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Am J Ophthalmol. 2002 Sep;134(3):411-31.

A role for local inflammation in the formation of drusen in the aging eye.

Author information

1
Center for the Study of Macular Degeneration, Neuroscience Research Institute, University of California, Santa Barbara 93106, USA. d_anders@lifesci.ucsb.edu

Abstract

PURPOSE:

The accumulation of numerous or confluent drusen, especially in the macula, is a significant risk factor for the development of age-related macular degeneration (AMD). Identifying the origin and molecular composition of these deposits, therefore, has been an important, yet elusive, objective for many decades. Recently, a more complete profile of the molecular composition of drusen has emerged.

DESIGN:

In this focused review, we discuss these new findings and their implications for the pathogenic events that give rise to drusen and AMD.

METHODS:

Tissue specimens from one or both eyes of more than 400 human donors were examined by light, confocal or electron microscopy, in conjunction with antibodies to specific drusen-associated proteins, to help characterize the transitional events in drusen biogenesis. Quantification of messenger RNA from the retinal pigment epithelium (RPE)/choroid of donor eyes was used to determine if local ocular sources for drusen-associated molecules exist.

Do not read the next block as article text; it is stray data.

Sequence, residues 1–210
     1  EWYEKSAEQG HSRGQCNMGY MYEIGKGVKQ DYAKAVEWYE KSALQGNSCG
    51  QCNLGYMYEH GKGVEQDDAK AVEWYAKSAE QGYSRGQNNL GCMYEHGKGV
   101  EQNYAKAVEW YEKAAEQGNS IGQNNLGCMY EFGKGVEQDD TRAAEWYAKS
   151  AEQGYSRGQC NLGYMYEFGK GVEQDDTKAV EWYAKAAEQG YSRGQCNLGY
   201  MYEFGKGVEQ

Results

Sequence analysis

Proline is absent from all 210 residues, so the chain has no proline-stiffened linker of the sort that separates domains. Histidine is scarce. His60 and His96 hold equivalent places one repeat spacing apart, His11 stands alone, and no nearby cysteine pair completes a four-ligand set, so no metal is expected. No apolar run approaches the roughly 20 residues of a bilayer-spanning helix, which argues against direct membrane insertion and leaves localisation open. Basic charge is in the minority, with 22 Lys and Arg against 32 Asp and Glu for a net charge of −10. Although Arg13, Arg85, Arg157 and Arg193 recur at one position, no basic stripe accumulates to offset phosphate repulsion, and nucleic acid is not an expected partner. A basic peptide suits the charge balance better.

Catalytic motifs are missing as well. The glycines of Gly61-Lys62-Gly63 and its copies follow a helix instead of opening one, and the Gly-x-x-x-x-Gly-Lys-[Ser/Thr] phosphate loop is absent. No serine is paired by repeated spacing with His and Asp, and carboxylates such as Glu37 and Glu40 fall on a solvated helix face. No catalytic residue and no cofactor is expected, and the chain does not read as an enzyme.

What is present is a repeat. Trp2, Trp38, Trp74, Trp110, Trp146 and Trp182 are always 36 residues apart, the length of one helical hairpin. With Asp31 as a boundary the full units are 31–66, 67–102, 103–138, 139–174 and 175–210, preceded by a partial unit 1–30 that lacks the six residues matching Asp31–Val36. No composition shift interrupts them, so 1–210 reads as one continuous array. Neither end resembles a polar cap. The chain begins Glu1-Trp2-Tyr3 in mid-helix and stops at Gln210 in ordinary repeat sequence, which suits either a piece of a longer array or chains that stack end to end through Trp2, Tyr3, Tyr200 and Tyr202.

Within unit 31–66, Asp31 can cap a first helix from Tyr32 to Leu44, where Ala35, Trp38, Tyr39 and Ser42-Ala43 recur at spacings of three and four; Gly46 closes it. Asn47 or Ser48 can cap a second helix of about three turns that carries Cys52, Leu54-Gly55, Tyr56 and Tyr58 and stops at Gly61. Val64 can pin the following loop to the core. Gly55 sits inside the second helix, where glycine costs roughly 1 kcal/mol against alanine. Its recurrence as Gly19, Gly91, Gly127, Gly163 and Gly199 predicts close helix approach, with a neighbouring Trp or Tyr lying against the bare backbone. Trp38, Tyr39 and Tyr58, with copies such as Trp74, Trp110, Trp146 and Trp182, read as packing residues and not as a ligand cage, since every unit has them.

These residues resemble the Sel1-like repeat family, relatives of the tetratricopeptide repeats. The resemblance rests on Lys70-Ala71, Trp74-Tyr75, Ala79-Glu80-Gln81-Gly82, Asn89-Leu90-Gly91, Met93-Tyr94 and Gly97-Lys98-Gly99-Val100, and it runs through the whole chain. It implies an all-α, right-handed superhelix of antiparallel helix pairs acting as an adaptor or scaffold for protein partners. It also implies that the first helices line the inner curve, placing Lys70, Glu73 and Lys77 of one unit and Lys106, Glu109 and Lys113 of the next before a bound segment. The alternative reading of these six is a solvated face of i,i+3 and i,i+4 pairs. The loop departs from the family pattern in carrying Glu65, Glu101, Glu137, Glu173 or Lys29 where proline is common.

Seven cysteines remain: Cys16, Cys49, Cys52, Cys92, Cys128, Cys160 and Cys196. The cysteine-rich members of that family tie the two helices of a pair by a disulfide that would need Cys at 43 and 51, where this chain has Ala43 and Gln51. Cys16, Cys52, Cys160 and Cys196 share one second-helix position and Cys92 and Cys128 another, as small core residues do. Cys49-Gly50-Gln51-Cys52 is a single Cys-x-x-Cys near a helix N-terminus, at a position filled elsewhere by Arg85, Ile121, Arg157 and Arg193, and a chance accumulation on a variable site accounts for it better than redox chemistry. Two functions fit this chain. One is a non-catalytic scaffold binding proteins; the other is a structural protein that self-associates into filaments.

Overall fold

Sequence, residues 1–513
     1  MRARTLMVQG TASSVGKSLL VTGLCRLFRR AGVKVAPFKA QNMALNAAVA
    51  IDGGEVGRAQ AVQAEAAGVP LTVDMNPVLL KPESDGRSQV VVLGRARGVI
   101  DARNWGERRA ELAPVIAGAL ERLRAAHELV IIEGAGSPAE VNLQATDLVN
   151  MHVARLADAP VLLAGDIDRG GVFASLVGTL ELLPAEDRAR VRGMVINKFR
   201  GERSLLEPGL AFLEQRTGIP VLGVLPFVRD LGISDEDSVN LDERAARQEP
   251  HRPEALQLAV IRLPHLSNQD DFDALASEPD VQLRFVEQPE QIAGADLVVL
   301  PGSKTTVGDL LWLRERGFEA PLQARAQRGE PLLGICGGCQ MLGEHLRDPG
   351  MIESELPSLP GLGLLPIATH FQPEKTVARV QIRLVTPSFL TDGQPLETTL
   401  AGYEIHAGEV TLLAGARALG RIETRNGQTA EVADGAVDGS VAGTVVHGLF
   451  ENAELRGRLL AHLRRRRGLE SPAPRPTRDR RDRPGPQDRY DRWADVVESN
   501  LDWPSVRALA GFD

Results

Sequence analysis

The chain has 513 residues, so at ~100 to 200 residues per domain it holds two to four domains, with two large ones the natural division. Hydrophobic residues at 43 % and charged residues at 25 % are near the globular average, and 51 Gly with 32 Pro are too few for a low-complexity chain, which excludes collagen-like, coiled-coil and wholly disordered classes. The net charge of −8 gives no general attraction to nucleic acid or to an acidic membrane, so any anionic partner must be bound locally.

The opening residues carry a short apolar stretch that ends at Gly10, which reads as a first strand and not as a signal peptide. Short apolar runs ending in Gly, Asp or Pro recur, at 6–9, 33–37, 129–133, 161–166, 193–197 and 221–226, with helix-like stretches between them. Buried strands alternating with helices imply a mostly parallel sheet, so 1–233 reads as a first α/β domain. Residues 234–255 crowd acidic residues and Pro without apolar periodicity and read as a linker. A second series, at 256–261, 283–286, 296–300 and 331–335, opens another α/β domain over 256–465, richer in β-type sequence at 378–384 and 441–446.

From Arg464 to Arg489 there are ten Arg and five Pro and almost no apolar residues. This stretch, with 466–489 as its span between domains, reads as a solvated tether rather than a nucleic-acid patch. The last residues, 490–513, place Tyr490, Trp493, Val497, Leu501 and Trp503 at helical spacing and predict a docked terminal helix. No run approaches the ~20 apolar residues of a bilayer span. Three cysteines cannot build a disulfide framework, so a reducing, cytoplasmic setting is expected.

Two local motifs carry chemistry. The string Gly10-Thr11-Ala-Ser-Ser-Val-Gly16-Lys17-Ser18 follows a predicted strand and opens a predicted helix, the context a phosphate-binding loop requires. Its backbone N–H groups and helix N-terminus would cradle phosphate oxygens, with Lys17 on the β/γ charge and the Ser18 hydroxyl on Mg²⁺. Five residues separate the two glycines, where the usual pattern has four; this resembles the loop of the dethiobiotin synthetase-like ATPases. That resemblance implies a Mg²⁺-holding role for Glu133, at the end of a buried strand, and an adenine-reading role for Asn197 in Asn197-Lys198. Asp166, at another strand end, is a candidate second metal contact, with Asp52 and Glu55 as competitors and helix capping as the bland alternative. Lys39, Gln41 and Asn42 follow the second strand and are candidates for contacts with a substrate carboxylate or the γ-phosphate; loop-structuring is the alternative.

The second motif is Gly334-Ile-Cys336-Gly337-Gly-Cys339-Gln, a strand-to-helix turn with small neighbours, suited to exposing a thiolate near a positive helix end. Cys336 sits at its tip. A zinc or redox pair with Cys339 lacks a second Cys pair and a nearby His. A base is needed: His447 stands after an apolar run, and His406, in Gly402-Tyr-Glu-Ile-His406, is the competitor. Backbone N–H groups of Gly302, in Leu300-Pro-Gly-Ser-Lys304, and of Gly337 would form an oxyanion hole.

RESULTS:

The results indicate that cellular remnants and debris derived from degenerate RPE cells become sequestered between the RPE basal lamina and Bruch's membrane. We propose that this cellular debris constitutes a chronic inflammatory stimulus, and a potential "nucleation" site for drusen formation. The entrapped cellular debris then becomes the target of encapsulation by a variety of inflammatory mediators, some of which are contributed by the RPE and, perhaps, other local cell types; and some of which are extravasated from the choroidal circulation.

CONCLUSIONS:

The results support a role for local inflammation in drusen biogenesis, and suggest that it is analogous to the process that occurs in other age-related diseases, such as Alzheimer's disease and atherosclerosis, where accumulation of extracellular plaques and deposits elicits a local chronic inflammatory response that exacerbates the effects of primary pathogenic stimuli.

PMID:
12208254
[Indexed for MEDLINE]
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